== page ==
You can the apertium-init or bootstrapping tool to create a directory for quick development of a transducer.
Download apertium-init and put it somewhere usable:
cd ~/Source; git clone https://github.com/goavki/bootstrap; cd bootstrap; sudo make install
Create a language module
Create an hfst-based apertium language module (in your Source directory), replacing
xyz with the ISO code of your language in all occurrences:
apertium-init -a hfst xyz
Rename the module
ling073-xyz if you want (so that it matches what will be in github later, and any further instructions):
mv apertium-xyz ling073-xyz
- You will probably get an error about SVN and the directory not being a working copy—you can safely ignore this.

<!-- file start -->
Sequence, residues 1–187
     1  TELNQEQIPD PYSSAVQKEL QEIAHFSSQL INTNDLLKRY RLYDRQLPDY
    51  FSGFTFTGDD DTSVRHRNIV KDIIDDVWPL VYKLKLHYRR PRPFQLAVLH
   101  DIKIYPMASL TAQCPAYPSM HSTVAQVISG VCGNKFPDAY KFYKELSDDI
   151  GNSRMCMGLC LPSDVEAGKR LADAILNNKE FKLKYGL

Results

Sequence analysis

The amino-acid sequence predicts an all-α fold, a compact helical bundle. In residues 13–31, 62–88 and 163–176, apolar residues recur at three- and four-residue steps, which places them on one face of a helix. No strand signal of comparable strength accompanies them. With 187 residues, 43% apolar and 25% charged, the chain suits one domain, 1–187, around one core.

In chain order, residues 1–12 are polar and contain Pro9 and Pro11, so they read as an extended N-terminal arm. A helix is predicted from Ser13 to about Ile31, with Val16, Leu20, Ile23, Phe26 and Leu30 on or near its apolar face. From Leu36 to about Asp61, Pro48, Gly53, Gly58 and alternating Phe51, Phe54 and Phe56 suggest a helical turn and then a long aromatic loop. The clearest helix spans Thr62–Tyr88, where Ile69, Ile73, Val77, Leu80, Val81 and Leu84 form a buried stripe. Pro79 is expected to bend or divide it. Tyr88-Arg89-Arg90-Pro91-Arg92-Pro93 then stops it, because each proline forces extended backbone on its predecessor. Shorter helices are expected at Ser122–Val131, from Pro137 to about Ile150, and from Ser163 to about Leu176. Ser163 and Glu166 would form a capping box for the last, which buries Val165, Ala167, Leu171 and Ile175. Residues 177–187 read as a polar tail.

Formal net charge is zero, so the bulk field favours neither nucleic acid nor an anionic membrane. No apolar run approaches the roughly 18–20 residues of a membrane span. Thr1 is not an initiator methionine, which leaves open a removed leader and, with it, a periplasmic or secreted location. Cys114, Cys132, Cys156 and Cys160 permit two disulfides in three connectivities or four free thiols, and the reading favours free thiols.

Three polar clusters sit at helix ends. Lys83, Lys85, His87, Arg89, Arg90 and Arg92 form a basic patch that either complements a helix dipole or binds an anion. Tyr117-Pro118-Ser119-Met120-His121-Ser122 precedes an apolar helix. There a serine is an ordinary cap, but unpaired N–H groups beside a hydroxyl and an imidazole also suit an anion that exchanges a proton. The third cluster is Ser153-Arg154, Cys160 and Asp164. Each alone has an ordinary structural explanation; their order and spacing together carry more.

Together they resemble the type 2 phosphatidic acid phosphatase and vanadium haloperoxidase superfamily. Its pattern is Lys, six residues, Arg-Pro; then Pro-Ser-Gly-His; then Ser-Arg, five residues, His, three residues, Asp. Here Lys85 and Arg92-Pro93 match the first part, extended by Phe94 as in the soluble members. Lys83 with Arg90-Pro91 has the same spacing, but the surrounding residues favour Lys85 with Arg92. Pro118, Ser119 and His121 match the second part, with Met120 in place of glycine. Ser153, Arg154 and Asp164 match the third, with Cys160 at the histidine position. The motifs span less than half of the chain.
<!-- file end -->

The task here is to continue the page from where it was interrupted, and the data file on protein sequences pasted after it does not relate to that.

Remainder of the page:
- If something goes wrong (e.g., you make a typo), delete any directories/files that were created and try the step again.
Commit to github
If this is a language pair you would like to commit to github, do the following before modifying any files or compiling the module:
- Create an empty (no files) repository named
- Initialise your new
ling073-xyzdirectory as a github repository, and commit all the files:
cd ling073-xyz; git init ./ ; git add * ; git commit -m "initialising directory with bootstrapped module"
- Set the github repository you created as the remote origin, replacing "username" and "xyz" below as appropriate:
git remote add origin firstname.lastname@example.org:username/ling073-xyz.git
- Push the bootstrapped module to origin:
git push --set-upstream origin master
- After this you should be able to see the same files from the github web interface and in the directory. You should also be able to commit, push, pull, etc. all normally.